In FIG. 8 it can be seen how the material of the composite flows toward the root of the helical lobe 14 to prevent a buildup of excessive stress that could yield potential delamination of the composite material. The root 37 of lobular helix 14 receives the composite material 30 that is displaced by the diametral extremity 37 of lobular helix 14. The diameter of the hole is held to a value that provides for excess void volume 37 to receive the displaced material 38. Completed installation of the fastener is shown in FIG. 7 with the installation of a nut 36.
FIG. 9 shows a fastener 60 with a central axis 61 and an external thread 62 as already described. A line 63 represents the extent of radial protrusion of the rib of said thread which instead of being parallel to axis 61, forms an angle 64 relative to it. Thus the radial protrusion of the rib increases as it extends from its second end 65 toward its first end 66.
The term "lobular" is used herein to define a helical form which is other than a relatively abrupt conventional thread, such as acme, or sharp crested, whose edges would tend to cut into the workpiece. The form of this invention will preferably be gently curved at its crest, or if the crest is a flat area, as it is in FIG. 7, the form departs from the flat area by way of a gentle curve at each side. With this shape, the composite material is gradually displaced without cutting or separating it, and it can flow into the void.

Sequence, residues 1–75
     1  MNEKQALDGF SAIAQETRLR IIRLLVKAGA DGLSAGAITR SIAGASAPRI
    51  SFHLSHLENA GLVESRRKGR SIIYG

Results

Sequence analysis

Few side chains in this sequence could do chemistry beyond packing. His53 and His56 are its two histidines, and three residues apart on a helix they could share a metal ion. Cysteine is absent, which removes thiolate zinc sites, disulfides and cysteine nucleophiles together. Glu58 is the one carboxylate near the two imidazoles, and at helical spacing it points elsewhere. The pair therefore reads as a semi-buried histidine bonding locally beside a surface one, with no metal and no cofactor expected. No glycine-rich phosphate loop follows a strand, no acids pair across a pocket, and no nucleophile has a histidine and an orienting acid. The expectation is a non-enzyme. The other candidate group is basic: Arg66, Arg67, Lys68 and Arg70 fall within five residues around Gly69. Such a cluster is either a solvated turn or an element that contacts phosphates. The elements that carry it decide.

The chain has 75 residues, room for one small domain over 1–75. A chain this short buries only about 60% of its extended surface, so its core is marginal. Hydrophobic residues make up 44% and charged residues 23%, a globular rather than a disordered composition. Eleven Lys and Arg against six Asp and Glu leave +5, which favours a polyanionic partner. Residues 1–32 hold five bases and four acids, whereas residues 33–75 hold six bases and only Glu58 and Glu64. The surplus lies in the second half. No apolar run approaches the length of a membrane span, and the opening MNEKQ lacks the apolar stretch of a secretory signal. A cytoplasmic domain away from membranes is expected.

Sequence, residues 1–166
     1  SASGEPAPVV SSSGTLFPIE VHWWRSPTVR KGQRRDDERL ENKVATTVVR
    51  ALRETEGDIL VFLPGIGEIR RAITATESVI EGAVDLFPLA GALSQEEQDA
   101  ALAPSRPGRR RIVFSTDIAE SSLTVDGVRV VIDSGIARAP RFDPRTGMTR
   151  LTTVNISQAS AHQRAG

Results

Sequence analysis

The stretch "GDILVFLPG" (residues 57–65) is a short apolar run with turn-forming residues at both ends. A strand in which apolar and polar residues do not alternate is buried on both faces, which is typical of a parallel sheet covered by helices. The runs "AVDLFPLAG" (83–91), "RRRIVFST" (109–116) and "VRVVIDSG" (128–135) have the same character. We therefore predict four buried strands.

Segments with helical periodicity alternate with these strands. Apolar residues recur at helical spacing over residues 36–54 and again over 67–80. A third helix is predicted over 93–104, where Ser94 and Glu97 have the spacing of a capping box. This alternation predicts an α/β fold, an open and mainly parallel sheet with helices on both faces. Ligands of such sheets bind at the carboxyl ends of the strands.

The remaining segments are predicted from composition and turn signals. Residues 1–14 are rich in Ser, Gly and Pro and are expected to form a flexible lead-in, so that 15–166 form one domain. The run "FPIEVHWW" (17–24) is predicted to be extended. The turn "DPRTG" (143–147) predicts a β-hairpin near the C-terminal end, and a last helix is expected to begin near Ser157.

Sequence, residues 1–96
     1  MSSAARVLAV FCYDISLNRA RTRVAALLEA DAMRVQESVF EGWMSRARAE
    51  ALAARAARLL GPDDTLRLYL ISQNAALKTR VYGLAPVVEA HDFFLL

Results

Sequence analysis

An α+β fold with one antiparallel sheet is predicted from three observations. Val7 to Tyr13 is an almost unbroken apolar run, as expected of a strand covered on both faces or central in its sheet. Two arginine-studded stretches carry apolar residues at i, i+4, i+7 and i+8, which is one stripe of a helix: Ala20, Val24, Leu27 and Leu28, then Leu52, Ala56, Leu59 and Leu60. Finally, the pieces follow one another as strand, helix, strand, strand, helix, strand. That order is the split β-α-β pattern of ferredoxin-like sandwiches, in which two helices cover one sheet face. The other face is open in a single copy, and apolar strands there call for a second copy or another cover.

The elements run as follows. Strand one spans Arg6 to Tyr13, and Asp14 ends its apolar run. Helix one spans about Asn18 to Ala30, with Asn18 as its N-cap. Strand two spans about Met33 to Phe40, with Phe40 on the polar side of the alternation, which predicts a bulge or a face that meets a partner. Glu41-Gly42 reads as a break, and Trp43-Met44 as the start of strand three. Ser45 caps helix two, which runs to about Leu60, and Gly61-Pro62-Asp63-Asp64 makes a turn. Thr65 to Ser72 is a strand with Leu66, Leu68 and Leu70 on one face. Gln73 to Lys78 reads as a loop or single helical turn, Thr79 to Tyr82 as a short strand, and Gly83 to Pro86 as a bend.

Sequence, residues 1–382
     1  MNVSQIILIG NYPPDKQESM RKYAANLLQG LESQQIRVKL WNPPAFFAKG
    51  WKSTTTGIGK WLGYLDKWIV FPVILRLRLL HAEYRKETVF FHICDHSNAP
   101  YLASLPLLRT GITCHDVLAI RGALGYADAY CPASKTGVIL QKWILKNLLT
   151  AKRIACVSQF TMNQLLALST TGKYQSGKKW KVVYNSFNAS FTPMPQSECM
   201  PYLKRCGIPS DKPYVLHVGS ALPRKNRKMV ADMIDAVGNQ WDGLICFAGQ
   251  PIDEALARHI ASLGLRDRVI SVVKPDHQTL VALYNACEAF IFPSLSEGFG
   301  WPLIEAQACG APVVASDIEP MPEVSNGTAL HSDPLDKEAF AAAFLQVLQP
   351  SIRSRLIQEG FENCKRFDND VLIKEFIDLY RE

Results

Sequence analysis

The term "composite material" is used to denote materials of the type in which fibers, clothes woven of fibers,and the like, are embedded in a matrix, for example an inorganic plastic material, that serves to hold the body as an integral member, without supplying a major portion of its intended strength. The fibers of the cloth provide that strength. Such materials do not cold work, and it is necessary, when deforming them, to do so in such a way as not to destroy the integrity of the body, such as by cracking or delamination. This is a reason for the gentle curvature, and for the relatively small interferences.
Although the embodiments described have been adapted for use in composite materials, many advantages of a similar nature may be gained with the use in metallic materials by modification of detailed dimensions and geometry. The examples are given by way of illustration and do not restrict the scope of the invention which is only to be restricted by the claims.